THE housing industry, disability sector and community have agreed to an aspirational target that all new homes will be built to disability-friendly Livable Housing Design standards by 2020.
The standards, announced last week, are the outcome of the National Dialogue on Universal Design, convened by Parliamentary Secretary for Disabilities Bill Shorten last year, which aims to improve the availability of Livable Housing.
The voluntary Livable Housing Design guidelines consist of three levels: Silver, Gold and Platinum and outline the key features required to meet each standard.
Mr Shorten said Livable Design aimed to build houses that could be adapted to meet the changing needs of residents over their lifetime. He said the standards would become important as Australia's population aged and disability became more common.
Australian Bureau of Statistics research shows that between 1981 and 2003, the number of people with a disability more than doubled from 1.9 million to 3.9 million.
"These are houses which are easier to live in, can be adapted more cheaply, and will be easier to sell," Mr Shorten said. "Livable Housing Design is housing which meet the needs of all people, including people with disability and senior Australians," he said.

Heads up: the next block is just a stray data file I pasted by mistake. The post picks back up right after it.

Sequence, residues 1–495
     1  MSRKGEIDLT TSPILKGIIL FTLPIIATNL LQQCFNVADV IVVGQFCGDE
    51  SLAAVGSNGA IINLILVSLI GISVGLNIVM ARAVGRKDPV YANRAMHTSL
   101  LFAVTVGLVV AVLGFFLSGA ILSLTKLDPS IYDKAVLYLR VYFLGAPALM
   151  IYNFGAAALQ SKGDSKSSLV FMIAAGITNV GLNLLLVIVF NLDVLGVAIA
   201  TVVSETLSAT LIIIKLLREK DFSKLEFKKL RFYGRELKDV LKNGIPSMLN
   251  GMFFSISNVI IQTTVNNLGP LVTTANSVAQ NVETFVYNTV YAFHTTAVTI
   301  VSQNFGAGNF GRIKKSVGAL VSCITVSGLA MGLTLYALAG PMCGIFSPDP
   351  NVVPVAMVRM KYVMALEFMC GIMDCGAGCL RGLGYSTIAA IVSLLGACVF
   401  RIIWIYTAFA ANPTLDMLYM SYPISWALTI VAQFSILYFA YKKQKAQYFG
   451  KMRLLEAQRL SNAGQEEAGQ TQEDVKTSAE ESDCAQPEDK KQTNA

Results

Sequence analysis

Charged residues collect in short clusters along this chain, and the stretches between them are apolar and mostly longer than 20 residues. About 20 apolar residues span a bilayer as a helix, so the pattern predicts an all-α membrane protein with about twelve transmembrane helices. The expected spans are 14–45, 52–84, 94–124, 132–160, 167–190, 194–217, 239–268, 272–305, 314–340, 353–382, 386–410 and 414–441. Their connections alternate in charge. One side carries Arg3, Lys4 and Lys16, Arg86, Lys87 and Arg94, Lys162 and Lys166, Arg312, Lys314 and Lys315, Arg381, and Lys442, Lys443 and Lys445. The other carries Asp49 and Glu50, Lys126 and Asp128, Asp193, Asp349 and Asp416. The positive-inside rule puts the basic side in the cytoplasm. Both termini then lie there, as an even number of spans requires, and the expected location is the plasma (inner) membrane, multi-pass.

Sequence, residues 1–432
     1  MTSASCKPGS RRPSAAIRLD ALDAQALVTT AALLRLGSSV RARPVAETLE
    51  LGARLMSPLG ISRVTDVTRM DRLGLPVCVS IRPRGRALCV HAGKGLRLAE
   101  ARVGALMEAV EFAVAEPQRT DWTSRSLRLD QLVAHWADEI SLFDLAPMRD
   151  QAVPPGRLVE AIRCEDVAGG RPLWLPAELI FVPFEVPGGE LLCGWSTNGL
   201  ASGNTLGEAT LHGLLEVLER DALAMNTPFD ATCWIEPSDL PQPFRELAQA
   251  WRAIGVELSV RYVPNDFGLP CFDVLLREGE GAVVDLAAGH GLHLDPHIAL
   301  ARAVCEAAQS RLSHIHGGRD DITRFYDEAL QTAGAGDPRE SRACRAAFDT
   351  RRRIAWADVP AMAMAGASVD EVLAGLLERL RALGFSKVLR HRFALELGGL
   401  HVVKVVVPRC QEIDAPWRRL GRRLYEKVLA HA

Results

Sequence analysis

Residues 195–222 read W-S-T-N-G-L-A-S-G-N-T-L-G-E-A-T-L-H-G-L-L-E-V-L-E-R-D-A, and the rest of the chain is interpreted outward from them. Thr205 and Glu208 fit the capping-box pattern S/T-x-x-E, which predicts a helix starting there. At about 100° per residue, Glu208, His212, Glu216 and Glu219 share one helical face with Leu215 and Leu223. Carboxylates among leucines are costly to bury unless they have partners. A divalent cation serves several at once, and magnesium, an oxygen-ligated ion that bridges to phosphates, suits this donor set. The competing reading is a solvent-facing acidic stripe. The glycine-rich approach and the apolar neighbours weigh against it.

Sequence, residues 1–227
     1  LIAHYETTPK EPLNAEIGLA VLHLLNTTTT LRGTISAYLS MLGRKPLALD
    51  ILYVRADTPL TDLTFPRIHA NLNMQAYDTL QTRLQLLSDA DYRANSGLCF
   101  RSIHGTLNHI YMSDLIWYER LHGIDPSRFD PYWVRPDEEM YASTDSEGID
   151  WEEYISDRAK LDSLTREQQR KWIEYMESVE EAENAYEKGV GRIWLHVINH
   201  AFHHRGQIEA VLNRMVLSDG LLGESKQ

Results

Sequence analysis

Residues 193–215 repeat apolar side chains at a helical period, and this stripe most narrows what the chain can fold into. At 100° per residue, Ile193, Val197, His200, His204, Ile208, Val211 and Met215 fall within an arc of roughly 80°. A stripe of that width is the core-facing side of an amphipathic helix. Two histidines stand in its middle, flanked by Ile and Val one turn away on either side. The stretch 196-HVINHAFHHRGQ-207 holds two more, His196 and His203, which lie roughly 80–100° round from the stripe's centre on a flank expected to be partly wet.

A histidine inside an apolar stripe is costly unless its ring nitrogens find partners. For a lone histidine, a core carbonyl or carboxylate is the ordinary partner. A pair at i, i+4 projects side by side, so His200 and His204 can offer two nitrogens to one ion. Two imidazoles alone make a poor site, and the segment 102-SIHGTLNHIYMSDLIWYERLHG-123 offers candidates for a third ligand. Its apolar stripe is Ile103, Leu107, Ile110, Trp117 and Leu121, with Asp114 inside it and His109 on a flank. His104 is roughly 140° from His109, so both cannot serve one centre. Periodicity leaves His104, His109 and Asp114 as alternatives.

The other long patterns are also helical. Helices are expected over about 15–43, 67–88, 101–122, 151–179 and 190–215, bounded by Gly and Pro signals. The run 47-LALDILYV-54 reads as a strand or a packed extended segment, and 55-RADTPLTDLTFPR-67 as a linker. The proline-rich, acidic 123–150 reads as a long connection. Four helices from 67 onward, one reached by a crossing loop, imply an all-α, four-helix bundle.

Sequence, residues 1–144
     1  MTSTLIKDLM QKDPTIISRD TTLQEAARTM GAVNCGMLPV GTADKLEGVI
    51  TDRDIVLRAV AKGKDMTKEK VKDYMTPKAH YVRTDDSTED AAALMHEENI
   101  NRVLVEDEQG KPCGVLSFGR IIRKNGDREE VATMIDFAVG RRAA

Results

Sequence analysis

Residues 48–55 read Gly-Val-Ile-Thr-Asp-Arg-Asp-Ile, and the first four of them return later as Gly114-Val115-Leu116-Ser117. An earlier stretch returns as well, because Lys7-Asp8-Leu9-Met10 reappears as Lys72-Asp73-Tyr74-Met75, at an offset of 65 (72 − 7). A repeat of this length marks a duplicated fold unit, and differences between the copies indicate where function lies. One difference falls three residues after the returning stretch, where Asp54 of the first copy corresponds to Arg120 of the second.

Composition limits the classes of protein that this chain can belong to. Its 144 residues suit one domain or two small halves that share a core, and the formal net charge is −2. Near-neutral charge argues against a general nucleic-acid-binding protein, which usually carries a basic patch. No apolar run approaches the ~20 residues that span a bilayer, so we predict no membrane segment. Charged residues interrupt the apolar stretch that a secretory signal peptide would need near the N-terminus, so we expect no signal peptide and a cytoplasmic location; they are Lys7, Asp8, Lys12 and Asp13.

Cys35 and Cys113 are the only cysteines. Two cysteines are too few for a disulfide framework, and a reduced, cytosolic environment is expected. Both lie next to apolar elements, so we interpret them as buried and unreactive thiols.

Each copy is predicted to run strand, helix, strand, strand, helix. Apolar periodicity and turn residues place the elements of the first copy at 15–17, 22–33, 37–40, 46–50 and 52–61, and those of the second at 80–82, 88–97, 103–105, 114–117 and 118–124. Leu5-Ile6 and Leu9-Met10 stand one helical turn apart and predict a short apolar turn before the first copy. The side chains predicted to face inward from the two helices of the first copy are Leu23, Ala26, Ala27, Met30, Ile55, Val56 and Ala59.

Mr Shorten said families with young children, injured people or anyone who has a friend with a disability will also benefit from Livable Design. He said a few design features such as reinforced bathroom walls, flat housing entrances and wide corridors and doorways would potentially make a home more suitable for an older person or person with a disability.
The industry has also agreed to a set of voluntary guidelines for housing, which will be used to inform consumers and the industry about Universal Design, and increase its application.
While the standards are voluntary, key industry groups have supported them and committed to the 2020 target. Such groups include the Property Council, Master Builders Australia and the Housing Industry Association.